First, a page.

10. Lewis-Giggetts believes that identifying, accessing, and amplifying our joy is a pathway to healing whether we are ever accepted by white or mainstream culture or not. What does freedom look like on you? What does a free and liberated version of yourself look like?

Enhance Your Book Club

1. Encourage the group to keep a list of intentional ways one might allow more joy into their lives. Share with the group.

2. Have each person write a brief description of what joy feels like in their body. Then discuss their findings with the group to note similarities and difference.

3. Run a contest to see how many “moments of Black joy” a person can recognize and/or participate in within a week.

About The Author

Photograph by MaKayla Simone

Tracey Michae’l Lewis-Giggetts is the author of eighteen books, and the host of the podcast HeARTtalk with Tracey Michae’l. Her writing has appeared in a variety of publications, including The Washington PostEssenceOprah Daily, and more. Follow her on Twitter @TMLewis.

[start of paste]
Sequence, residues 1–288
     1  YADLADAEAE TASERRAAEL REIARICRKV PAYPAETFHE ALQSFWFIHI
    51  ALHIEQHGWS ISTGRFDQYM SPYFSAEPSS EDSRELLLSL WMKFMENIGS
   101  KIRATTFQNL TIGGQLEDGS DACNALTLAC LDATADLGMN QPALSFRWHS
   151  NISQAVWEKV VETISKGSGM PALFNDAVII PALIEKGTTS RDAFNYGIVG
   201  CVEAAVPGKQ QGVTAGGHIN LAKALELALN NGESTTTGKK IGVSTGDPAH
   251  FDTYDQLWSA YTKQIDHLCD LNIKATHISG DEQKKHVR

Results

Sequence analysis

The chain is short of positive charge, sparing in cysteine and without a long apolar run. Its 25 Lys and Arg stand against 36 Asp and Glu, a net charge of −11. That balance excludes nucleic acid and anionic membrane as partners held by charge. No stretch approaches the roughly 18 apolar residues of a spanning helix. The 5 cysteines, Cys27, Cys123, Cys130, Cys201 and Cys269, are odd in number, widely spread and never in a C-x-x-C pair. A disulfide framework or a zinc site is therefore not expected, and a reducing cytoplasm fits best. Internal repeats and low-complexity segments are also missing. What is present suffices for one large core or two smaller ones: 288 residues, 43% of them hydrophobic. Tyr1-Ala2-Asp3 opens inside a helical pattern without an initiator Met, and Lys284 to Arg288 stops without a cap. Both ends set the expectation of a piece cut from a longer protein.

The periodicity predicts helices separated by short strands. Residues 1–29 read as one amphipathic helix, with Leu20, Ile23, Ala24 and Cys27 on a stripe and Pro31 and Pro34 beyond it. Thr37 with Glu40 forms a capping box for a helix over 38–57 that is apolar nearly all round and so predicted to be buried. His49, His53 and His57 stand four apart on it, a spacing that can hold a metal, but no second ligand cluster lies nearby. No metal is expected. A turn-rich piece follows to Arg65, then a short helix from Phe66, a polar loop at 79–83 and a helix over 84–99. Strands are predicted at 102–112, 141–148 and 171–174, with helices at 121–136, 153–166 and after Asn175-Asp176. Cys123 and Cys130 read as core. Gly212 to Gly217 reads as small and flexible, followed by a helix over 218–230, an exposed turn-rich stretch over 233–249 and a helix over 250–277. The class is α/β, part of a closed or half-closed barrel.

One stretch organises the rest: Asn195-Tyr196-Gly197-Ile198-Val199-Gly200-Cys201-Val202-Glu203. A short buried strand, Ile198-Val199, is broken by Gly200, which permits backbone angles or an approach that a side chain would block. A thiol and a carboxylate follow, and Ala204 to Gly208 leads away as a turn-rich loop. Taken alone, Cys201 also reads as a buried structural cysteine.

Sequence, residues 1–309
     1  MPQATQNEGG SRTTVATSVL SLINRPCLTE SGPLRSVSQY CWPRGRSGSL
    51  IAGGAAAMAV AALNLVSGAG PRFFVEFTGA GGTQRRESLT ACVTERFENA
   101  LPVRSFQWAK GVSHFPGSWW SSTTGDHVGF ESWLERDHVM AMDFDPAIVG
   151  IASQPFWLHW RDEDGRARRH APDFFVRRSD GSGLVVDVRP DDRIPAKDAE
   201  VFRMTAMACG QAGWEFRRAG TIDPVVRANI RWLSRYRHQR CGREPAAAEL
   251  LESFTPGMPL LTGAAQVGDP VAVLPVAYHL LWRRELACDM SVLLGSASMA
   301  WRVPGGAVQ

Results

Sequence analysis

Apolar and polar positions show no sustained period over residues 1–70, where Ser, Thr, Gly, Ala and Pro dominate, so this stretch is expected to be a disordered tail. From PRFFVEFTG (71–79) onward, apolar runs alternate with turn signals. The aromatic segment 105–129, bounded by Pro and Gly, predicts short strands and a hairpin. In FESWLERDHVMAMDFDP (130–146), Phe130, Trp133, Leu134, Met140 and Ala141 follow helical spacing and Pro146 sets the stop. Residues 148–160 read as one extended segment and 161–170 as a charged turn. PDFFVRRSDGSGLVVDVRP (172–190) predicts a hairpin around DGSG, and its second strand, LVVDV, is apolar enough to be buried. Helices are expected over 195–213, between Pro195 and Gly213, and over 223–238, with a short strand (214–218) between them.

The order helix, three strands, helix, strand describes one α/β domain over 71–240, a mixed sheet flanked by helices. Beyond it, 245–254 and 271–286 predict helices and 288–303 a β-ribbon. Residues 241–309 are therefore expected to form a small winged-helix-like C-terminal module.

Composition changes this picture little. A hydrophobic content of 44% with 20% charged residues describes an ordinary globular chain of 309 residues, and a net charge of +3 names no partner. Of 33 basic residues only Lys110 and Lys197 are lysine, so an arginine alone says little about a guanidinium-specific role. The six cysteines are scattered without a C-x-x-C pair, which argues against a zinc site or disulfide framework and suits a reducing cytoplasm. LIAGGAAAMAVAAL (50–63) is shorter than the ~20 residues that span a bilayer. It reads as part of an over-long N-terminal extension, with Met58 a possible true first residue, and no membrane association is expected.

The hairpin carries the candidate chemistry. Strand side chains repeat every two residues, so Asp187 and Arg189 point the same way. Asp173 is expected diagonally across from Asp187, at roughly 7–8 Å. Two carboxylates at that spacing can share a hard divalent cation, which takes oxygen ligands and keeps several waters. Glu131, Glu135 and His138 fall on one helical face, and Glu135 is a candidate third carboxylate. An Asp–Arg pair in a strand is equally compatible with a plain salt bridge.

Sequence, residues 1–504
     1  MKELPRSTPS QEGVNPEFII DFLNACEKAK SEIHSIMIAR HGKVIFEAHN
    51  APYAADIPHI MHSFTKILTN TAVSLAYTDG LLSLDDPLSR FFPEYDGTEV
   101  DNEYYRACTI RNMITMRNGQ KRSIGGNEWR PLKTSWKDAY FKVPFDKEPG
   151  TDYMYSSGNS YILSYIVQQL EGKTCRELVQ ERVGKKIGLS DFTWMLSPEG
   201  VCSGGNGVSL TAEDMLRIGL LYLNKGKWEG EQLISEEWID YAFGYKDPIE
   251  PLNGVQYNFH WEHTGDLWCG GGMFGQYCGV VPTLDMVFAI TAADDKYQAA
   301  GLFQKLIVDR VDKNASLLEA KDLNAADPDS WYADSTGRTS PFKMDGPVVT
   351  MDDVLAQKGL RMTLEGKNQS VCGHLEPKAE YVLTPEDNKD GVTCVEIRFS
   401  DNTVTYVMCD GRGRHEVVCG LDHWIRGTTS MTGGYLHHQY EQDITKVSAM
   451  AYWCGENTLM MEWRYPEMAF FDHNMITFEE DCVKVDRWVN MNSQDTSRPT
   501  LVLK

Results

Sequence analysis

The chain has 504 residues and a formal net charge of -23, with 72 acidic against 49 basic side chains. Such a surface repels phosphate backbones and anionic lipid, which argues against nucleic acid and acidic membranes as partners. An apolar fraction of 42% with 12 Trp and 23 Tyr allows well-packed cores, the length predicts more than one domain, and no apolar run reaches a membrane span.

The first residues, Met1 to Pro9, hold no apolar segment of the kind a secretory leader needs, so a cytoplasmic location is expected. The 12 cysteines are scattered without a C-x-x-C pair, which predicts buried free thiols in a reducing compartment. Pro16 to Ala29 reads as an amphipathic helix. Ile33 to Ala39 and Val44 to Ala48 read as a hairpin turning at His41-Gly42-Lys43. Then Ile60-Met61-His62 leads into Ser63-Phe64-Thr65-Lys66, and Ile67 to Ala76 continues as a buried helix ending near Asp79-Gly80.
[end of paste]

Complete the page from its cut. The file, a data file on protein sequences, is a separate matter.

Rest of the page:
Product Details

  • Publisher: Gallery Books (February 1, 2022)
  • Length: 288 pages
  • ISBN13: 9781982176570

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Raves and Reviews

“A loving homage to all members of the African diaspora who strive to preserve their personal joy at all costs… Poetic… In a nod to the significant strength and bravery of those gone before her, Lewis-Giggetts etches a stunning personal map that follows in her ancestors’ footsteps and highlights their ability to take control of situational heartbreak and tragedy and make something better out of it… Hoping that readers embark on a quest for their own joyous preservation, she leaves us educated about the process and ready to work on the self-healing we all require… A simultaneously gorgeous and heartbreaking read.”
Kirkus, starred review

“Expanding on the author’s June 2020 article about the personal and political power of laughing with her daughter, these 36 essays counter the narrative that Black life consists only of struggle and trauma.”
The New York Times Book Review